Fighting hurts more than
just your relationship
By Bob Livingston
Exercise, eating right, getting enough sleep, taking vitamins… these are all things we think about when we’re trying to be healthy.
However, there’s one big piece of the puzzle most of us completely overlook… our marriages.
Whether or not you’re married, and the state of your marriage, has a big impact on how healthy you are.
Studies have shown that being married decreases your risk of depression and heart disease. Marriage is also reported to lower levels of stress hormones that lead to obesity, high blood pressure and even sexual dysfunction. On the flip side, if your spouse has blood sugar problems, you’re more likely to end up with diabetes yourself.
Now, science has delivered proof of one more link in the “old ball and chain” connecting your marriage and your health.
Previous studies had already proven that marital fights result in increased levels of inflammation in your body.
Since this inflammation has been known to cause inflammatory bowel disease, scientists decided to hone in on exactly how marital spats affect the gut.
They actually videotaped married couples trying to resolve areas of conflict — things like money problems and in-laws — which, as I’m sure you can imagine, led to some serious arguments.
They discovered that the more hostile a person is in an argument with their spouse (rolling eyes or harshly criticizing), the higher the blood markers were for proteins that cause leaky gut and chronic inflammation.
And these levels were even more elevated if one of the spouses had a history of depression.
What is leaky gut and why is it something to worry about?
Leaky gut is exactly what it sounds like — it’s when the lining of your gut allows food particles, toxins and bacteria and viruses to “leak through” into your tissues and bloodstream.
And scientists say that it can set you up for long-term, chronic inflammation… something that’s been linked to everything from depression to cancer.
So, what can you do about it then? How can you protect yourself and prevent leaky gut?
#1 — Go for the laid-back approach
The first thing to remember is to try to be more laid-back during disagreements with your spouse.
In fact, the scientists found that married people who were mellower during arguments had far less inflammation and were less likely to have increases in markers for leaky gut than their more hostile partners.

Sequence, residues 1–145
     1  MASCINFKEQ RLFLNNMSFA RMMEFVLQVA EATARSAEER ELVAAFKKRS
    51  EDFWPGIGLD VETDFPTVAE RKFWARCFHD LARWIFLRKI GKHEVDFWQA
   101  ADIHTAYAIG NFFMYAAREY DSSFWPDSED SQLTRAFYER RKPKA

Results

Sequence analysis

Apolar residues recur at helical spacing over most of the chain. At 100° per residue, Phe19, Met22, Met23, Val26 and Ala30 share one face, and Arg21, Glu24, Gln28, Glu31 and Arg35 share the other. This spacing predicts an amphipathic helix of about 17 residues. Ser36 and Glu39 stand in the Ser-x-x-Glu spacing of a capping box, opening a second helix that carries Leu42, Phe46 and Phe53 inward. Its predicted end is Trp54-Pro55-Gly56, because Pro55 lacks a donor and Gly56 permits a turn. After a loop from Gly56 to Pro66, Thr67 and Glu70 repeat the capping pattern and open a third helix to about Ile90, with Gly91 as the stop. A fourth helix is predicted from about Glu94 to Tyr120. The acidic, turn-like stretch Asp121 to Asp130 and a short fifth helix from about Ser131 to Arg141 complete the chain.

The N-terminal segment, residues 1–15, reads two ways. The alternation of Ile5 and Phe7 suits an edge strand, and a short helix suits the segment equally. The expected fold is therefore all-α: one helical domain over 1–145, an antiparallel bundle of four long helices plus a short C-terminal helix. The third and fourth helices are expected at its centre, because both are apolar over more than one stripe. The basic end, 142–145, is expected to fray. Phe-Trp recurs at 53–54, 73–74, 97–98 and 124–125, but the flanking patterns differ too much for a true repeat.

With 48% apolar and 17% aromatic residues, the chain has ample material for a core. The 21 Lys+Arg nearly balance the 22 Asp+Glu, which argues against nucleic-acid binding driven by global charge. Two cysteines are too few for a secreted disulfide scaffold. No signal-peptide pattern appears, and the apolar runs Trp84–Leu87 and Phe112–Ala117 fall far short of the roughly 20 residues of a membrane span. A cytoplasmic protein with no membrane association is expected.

#2 — Reduce inflammation
Since arguments in marriage are going to happen and it’s pretty much impossible to completely change how you react overnight, it’s vital that you take steps to reduce the levels of inflammation in your body. Krill oil is a popular go-to for inflammation reduction.
#3 — Support your gut health
And finally, you should optimize and support your gut health to avoid the complications of leaky gut.
I suggest taking:
• Ancient aloe — This is my go-to supplement for maintaining good gut health since it helps to both naturally stimulate your bowels and soften your stool.
• Inulin — I wrote recently in my Bob Livingston Alerts about this special kind of fiber. You can find it in chicory root, for example, or in this natural formula (currently 50% off!). Inulin is a natural prebiotic that helps support the natural production of beneficial bacteria in your colon — think of it as intestinal fertilizer. If you want good stuff to grow, you have to feed the bacteria what they need.
• Senna leaf — A natural colon-balancing herb, senna helps promote normal bowel health and healthy stool consistency.
• Black walnut hulls — This ancient remedy contains juglone, tannins and natural iodine — which work together to help eliminate harmful organisms from your digestive tract helping to support healthy digestion, regularity and improved gut health.